Detection of apoptosis of PLC/PRF/5 cells by Hoechst 33258 staining. PLC/PRF/5 treated with 20 μM of troglitazone for 72 hours showed morphological features of apoptosis. In contrast, untreated cells maintained normal chromatin patterns and cell size (original magnification ×200).

Troglitazone activates caspase 3 but not caspase 8

As apoptosis of cells usually involves activation of cysteine proteases of the caspase family,12 we analysed the effect of troglitazone on activation of caspase 3 and/or caspase 8 in liver cancer cells. Treatment of PLC/PRF/5 for 48 hours with 5 or 10 μM of troglitazone resulted in a significant increase in the activity of caspase 3, and the increase was dose dependent (p<0.01) (fig 5). On the other hand, the activity of caspase 8 was not influenced by treatment with troglitazone (fig 5).

Figure 5

Effect of troglitazone on caspases 3 (A) and 8 (B) in PLC/PRF/5 cells. PLC/PRF/5 cells were treated for 48 hours with 5 or 10 μM of troglitazone. The activity of caspase 3, but not that of caspase 8, was significantly increased in response to troglitazone in a dose dependent manner. **p<0.01.

Western blot analysis showed that protein expression levels of bcl-2 and bax in PLC/PRF/5 were not changed by treatment with various concentrations of troglitazone for 96 hours (fig 6).

Figure 6

Effect of troglitazone on expression of bcl-2 and bax. Western blot analysis demonstrated that expression levels of bcl-2 and bax in PLC/PRF/5 were not changed by treatment with troglitazone for 96 hours.

DISCUSSION

It has been shown that PPARγ plays an important role as a regulator of lipid metabolism and a key mediator of lipid storage. Recently, the synthetic reagent troglitazone, which was originally developed as a therapeutic agent for diabetes mellitus, has been demonstrated to act as a relatively high affinity ligand for PPARγ, and exerts growth inhibitory effects on colon cancer, breast cancer, prostate cancer, and gastric cancer.7–10 However, to our knowledge, the role of PPARγ in liver cancer cells has not been discussed previously. In the present study, we analysed the effect of troglitazone on growth and induction of apoptosis of liver cancer cells in vitro.

Our results showed that PPARγ mRNA was expressed at various levels in all three liver cancer cell lines. Furthermore, we also demonstrated that the growth of liver cancer cell lines was inhibited by troglitazone in a dose dependent manner. However, the rank order of the sensitivity to troglitazone did not correspond to the levels of PPARγ expression in these cells. HepG2, which expressed the same level of PPARγ mRNA as HuH-7, was relatively insensitive to the growth inhibitory effect of troglitazone. That the expression level of PPARγ does not parallel the growth inhibitory effect of the ligand is in agreement with the results of Elstner and colleagues13 and Mueller and colleagues.8 Interestingly, the growth inhibitory effects of troglitazone were observed at concentrations equivalent to those detected in patients with insulin resistant diabetes mellitus treated with the same agent. This finding suggests that the clinical dose of troglitazone can potentially inhibit the growth of liver cancer cells.

To determine the underlying mechanisms of the growth inhibitory effect of troglitazone, we investigated whether troglitazone acts by inducing apoptosis of liver cancer cells. For this purpose, we performed DNA fragmentation assay and Hoechst staining. In both assays, troglitazone induced apoptosis of PLC/PRF/5 in a dose dependent manner. Chinetti and colleagues11 also reported that troglitazone induced apoptosis of human monocyte derived macrophages. However, other reports showed that apoptosis was not a major mechanism by which troglitazone induced cell growth inhibition but that differentiation of cancer cells by the ligand was the major mechanism.10,13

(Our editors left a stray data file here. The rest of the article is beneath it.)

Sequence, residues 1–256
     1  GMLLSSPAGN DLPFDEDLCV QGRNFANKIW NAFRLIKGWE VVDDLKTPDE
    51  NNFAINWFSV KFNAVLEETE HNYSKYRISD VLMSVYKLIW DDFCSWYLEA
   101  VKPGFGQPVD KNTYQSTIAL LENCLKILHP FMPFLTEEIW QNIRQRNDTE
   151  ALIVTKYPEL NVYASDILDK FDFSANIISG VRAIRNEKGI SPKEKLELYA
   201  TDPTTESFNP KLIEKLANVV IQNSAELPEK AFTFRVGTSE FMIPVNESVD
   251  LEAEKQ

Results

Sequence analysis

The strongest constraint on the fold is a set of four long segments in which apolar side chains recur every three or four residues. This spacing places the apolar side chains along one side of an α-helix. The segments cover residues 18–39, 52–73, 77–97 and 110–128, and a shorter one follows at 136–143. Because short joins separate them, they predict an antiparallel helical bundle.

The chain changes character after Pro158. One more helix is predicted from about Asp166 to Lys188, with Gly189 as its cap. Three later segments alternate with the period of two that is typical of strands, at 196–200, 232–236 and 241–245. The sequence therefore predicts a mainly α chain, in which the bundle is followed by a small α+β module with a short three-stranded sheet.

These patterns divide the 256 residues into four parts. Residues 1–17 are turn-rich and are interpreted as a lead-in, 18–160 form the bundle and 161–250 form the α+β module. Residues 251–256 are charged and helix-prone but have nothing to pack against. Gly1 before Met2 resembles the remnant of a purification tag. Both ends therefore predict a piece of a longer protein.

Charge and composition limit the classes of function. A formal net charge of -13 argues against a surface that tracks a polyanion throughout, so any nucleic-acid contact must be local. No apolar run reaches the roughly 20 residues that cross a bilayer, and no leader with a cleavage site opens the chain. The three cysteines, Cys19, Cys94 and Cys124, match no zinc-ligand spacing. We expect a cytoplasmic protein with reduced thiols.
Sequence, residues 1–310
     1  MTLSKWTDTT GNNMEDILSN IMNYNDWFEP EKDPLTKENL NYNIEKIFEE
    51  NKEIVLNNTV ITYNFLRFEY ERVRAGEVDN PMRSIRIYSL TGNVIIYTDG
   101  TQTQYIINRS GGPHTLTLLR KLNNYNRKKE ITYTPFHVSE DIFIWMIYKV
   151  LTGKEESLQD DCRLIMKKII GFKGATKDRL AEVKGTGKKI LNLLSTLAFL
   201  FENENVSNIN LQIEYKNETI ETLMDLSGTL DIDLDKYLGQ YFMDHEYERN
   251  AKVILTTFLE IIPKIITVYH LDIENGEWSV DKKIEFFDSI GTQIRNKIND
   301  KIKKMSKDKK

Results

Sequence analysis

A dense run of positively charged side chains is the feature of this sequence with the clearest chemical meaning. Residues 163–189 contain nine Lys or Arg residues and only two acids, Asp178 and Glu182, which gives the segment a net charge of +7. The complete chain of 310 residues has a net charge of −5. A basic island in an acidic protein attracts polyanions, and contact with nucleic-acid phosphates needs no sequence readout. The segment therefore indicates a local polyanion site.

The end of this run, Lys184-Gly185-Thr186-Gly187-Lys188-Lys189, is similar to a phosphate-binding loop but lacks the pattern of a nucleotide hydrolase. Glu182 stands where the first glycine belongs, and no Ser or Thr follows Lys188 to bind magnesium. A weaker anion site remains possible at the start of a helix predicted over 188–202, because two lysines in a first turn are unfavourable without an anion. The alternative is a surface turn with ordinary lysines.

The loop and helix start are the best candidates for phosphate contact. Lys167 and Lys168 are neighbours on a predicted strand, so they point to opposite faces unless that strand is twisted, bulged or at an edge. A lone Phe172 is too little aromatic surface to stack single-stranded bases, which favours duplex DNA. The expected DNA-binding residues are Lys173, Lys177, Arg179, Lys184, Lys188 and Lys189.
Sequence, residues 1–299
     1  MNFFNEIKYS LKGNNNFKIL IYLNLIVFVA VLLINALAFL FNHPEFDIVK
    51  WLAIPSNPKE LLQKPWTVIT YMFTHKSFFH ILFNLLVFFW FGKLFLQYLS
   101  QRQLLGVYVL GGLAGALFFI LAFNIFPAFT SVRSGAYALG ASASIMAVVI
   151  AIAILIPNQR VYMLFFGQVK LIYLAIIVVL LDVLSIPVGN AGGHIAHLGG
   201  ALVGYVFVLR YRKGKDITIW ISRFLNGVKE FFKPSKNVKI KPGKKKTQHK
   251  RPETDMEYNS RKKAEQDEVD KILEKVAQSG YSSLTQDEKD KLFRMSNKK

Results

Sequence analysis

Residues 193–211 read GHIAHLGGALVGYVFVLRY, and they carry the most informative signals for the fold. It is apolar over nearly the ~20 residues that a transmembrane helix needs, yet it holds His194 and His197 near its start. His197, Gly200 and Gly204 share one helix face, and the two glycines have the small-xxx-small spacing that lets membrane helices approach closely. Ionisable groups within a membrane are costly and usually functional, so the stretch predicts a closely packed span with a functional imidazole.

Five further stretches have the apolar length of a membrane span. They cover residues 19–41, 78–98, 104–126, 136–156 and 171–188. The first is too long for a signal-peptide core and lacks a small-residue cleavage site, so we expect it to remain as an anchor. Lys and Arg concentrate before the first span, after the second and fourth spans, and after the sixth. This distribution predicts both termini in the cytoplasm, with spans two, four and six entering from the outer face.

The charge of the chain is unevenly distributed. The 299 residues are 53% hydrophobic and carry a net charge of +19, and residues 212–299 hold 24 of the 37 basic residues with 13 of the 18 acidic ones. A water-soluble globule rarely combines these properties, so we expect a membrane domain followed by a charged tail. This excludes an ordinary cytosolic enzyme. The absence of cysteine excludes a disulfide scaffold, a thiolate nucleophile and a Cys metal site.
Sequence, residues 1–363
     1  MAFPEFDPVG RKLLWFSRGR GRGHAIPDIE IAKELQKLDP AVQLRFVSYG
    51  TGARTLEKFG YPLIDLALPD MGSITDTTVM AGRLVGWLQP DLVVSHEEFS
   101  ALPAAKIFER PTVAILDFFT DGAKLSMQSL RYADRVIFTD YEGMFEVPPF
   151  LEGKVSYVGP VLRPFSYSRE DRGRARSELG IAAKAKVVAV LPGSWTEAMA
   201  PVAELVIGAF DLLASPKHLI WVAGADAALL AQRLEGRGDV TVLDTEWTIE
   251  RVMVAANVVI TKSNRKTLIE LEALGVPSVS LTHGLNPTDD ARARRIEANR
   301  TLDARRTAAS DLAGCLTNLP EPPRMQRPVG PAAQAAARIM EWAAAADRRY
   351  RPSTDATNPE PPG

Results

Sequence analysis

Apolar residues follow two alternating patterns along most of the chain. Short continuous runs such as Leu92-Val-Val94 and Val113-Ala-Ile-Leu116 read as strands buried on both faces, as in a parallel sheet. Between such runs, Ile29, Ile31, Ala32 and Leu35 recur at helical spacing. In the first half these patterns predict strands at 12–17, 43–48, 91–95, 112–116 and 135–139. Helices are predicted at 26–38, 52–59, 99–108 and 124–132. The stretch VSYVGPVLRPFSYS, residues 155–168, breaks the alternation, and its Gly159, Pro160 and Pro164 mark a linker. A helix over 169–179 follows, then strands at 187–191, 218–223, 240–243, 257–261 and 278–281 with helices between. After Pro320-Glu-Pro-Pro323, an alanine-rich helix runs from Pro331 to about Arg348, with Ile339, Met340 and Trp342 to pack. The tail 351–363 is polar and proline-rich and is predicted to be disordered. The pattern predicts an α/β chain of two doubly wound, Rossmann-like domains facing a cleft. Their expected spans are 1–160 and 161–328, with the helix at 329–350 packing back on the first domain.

We also analysed the mechanisms of troglitazone induced apoptosis. Results from our study demonstrated that troglitazone activated caspase 3 but not caspase 8, which are cysteine proteases of the caspase family. We hypothesised that such activation of caspase 3 might indicate that apoptosis was mainly regulated by mitochondria related apoptosis factor.14,15. However, expression levels of antiapoptotic factor bcl-2 and apoptosis inducing factor bax were not overtly affected by troglitazone treatment. In this regard, Elstner and colleagues13 reported that exposure of human breast cancer cells to a combination of troglitazone and all-trans-retinoic acid decreased bcl-2 protein to nearly undetectable levels.

Recent studies have examined the relationship between activation of PPARγ and nuclear factor kappa B (NFκB). NFκB is a DNA binding protein that augments the transcription of various genes involved in cell proliferation and plays an important role in cell development, survival, and oncogenesis.16–18 In this respect, Chinetti and colleagues11 suggested that PPARγ induced cellular apoptosis by interfering negatively with the antiapoptotic NFκB signalling pathway. Further studies are needed to elucidate the exact mechanisms of troglitazone induced apoptosis of liver cancer cells.

Hepatocellular carcinoma is a major cause of cancer related mortality in the world and the number of new cases with this cancer is increasing.1,2 However, the prognosis of liver cancer is generally less favourable than other cancers. Treatment for this disease has mainly focused on surgical resection, embolisation therapy, and ethanol injection; these therapies are far from optimal. In this study, we showed that a clinical dose of troglitazone induced growth inhibition of liver cancer cells in vitro, indicating that troglitazone could be useful as a potentially effective new therapeutic agent, used alone or in combination with conventional chemotherapeutic agents, in patients with liver cancer. However, assessment of the clinical utility of this agent should await more thorough analysis of its local and systemic effects as troglitazone induced liver injury has been documented in recent studies.19,20

In summary, in the present study we have demonstrated expression of PPARγ in human liver cancer cells. Our results also showed that the ligand for PPARγ, troglitazone, inhibited cell growth and induced apoptosis. The latter findings suggest that this agent might be potentially useful in the treatment of liver cancer.

REFERENCES